It’s in the small things, as inadequate as they are. The mustard seed, the small bit of yeast worked through the dough. It is in the leftovers and the question of what now to do with them. It is in the remembrance that it takes each and every one of us and every little bit of us responding to the felt ferocity and the felt necessity of this love that we experience and know. Each of us has a moral obligation to stand up, speak up, speak out, and act out.
To make “good trouble, necessary trouble” as our beloved brother and inspiring example, who, true to form, told us one final time in his post-mortem op-ed.
Though I may not be here with you, I urge you to answer the highest calling of your heart and stand up for what you truly believe. In my life I have done all I can to demonstrate that the way of peace, the way of love and nonviolence is the more excellent way. Now it is your turn to let freedom ring.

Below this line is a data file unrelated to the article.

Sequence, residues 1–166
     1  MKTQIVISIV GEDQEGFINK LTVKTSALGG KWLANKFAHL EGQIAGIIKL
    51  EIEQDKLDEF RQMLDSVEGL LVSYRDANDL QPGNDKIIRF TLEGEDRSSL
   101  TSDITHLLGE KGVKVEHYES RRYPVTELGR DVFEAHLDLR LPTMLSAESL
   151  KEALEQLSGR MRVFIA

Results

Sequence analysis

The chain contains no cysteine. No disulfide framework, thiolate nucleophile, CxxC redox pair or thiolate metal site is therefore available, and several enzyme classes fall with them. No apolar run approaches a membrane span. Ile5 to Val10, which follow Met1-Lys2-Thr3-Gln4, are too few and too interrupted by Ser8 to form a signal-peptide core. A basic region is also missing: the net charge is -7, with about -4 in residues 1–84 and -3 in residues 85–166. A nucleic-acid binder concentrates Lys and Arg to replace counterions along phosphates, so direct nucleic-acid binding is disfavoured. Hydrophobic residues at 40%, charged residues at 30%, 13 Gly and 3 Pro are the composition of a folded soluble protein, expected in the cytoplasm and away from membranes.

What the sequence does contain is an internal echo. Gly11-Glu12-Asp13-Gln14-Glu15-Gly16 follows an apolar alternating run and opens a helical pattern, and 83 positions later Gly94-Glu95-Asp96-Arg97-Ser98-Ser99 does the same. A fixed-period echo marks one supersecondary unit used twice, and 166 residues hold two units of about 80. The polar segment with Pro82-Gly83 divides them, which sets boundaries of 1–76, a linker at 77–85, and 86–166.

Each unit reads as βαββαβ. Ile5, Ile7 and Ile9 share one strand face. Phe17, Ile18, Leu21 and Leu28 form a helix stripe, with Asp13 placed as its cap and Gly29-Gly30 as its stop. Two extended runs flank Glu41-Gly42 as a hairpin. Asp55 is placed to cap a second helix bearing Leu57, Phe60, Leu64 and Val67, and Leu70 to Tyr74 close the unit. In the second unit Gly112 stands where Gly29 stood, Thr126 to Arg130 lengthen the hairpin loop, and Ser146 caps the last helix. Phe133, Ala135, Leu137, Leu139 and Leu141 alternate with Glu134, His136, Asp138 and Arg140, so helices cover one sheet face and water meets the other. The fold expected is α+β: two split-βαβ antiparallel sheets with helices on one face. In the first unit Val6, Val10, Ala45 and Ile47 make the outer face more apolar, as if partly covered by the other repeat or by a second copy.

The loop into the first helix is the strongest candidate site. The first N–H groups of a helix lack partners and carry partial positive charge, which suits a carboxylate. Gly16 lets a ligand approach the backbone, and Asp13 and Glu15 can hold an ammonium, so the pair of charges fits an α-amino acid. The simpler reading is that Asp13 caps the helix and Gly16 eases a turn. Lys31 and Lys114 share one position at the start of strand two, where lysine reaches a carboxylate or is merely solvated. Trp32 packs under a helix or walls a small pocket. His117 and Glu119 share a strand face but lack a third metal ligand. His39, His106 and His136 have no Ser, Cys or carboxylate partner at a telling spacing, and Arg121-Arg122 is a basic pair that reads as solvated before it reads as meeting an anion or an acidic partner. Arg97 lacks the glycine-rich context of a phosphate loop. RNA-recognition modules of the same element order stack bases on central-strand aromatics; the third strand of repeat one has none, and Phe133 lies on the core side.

When historians pick up their pens to write the story of the 21st century, let them say that it was your generation who laid down the heavy burdens of hate at last and that peace finally triumphed over violence, aggression and war. So I say to you, walk with the wind, brothers and sisters, and let the spirit of peace and the power of everlasting love be your guide.[iv]
Amen and amen.
[i] Eric Law. Inclusion: Making Room for Grace. St. Louis: Chalice, 32ff.
[ii] Isaiah 55:2, NRSV.
[iii] John Lewis. “Together You Can Redeem the Soul of Our Nation.” NY Times, July 30, 2020. Retrieved on July 30, 2020 from https://nyti.ms/2P6qaku.
St. Andrew Sermons